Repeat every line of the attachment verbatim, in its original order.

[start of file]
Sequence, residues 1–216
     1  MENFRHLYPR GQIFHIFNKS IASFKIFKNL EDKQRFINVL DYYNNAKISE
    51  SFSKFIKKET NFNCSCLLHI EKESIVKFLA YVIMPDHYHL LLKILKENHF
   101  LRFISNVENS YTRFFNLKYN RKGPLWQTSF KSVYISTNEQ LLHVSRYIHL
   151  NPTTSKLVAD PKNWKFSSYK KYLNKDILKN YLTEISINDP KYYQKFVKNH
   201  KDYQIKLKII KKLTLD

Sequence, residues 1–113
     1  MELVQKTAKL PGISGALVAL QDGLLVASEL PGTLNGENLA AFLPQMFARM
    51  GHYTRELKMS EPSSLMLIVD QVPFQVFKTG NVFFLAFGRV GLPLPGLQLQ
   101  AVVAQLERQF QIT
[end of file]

Sequence, residues 1–216
     1  MENFRHLYPR GQIFHIFNKS IASFKIFKNL EDKQRFINVL DYYNNAKISE
    51  SFSKFIKKET NFNCSCLLHI EKESIVKFLA YVIMPDHYHL LLKILKENHF
   101  LRFISNVENS YTRFFNLKYN RKGPLWQTSF KSVYISTNEQ LLHVSRYIHL
   151  NPTTSKLVAD PKNWKFSSYK KYLNKDILKN YLTEISINDP KYYQKFVKNH
   201  KDYQIKLKII KKLTLD

Sequence, residues 1–113
     1  MELVQKTAKL PGISGALVAL QDGLLVASEL PGTLNGENLA AFLPQMFARM
    51  GHYTRELKMS EPSSLMLIVD QVPFQVFKTG NVFFLAFGRV GLPLPGLQLQ
   101  AVVAQLERQF QIT